For the millions of people who have migraine, the search for pain relief can feel like a nightmare game.
“Spin the wheel, see what drug you land on, and just try it. That’s the trial-and-error approach that we have had to use in migraine,” says David Dodick, M.D., a neurologist at Mayo Clinic’s Arizona campus.
The World Health Organization ranks migraine as the third most prevalent medical condition in the world. In the U.S., migraine affects 38 million people at an annual estimated cost of more than $20 billion. The impact of migraines is amplified by the fact that people generally start experiencing attacks at a young age.
“Migraine affects people during the prime of their lives — while they’re trying to get an education, build a career and raise a family. And those effects extend throughout people’s lives,” Dr. Dodick says.
But new understanding of the biology underlying migraine, and the development of therapies developed specifically to treat and prevent the disorder, are changing migraine care.
“It’s a brand-new era. We’re about to see a plethora of mechanism-based, disease-specific therapies become available over the next few years,” Dr. Dodick says. “With this range of options in our therapeutic arsenal, I’ve never been more optimistic for patients.”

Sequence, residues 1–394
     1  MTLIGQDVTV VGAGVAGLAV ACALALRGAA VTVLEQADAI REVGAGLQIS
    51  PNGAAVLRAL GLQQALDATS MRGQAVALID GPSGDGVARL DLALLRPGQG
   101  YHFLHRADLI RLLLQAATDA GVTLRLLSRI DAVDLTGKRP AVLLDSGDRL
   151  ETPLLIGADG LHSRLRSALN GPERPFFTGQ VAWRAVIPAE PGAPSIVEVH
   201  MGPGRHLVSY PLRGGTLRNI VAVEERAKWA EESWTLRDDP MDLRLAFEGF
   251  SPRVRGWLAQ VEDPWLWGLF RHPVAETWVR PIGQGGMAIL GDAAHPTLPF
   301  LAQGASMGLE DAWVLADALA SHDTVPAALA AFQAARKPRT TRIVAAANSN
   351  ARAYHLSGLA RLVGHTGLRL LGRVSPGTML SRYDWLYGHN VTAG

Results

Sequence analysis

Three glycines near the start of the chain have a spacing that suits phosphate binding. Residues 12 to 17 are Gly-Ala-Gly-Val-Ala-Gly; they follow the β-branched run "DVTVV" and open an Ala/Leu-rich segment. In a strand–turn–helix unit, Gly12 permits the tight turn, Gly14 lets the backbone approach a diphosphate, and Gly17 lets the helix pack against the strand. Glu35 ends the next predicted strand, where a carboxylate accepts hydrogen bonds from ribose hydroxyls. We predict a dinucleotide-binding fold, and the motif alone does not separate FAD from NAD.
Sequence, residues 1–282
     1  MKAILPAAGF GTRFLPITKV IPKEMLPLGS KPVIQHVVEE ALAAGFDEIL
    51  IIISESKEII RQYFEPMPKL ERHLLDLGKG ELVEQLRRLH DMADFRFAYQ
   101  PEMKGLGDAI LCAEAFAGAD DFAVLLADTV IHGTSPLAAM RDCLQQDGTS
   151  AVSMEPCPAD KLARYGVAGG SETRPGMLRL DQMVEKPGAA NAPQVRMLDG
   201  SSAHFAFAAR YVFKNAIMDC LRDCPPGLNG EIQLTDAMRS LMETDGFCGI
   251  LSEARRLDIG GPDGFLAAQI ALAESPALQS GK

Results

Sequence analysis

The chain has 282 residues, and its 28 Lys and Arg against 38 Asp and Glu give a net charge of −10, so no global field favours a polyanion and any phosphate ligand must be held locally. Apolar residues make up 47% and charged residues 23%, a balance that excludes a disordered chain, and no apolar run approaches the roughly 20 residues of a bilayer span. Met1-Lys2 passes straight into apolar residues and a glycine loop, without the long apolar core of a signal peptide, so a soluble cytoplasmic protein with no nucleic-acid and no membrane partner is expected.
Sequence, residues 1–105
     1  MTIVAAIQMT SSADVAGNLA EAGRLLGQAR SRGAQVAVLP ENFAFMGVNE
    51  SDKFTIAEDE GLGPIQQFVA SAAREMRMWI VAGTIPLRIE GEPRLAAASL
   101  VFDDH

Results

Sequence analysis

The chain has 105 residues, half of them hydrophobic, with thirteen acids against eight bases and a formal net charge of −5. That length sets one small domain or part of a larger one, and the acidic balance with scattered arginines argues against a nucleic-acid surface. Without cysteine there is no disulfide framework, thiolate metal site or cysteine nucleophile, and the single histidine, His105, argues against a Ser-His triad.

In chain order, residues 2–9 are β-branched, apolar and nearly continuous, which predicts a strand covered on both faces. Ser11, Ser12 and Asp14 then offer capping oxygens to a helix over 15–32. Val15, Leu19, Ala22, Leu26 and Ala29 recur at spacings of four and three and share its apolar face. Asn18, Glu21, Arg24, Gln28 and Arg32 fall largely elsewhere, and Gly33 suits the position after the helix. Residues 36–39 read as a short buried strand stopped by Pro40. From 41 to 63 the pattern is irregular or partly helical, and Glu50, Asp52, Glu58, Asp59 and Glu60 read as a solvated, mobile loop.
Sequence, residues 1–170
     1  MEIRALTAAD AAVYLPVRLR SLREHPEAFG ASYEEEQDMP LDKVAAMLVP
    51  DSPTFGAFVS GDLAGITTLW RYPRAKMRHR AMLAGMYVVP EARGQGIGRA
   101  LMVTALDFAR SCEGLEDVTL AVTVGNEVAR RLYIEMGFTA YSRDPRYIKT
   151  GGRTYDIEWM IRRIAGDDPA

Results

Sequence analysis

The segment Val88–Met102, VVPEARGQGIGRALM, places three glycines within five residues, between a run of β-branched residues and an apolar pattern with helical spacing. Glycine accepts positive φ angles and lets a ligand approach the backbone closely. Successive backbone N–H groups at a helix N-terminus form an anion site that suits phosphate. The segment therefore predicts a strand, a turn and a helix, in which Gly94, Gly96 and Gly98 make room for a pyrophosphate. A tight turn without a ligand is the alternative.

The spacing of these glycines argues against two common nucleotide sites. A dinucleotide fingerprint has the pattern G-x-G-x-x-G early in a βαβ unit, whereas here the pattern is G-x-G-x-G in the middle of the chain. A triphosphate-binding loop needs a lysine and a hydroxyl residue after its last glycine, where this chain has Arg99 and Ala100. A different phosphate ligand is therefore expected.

Mayo Clinic is at the leading edge of these efforts, participating in the design and data analysis of clinical trials for the news classes of migraine medication, such as research in Neurology, JAMA Neurology, JAMA and Cephalalgia in 2018. In the laboratory, Mayo Clinic is using advanced brain imaging to develop biomarkers for classifying migraine, a notoriously subjective disorder. Mayo Clinic neurologists also led the trial that resulted in approval of a noninvasive neurostimulation device to prevent migraine attacks. Read the rest of the article on Discovery's Edge.
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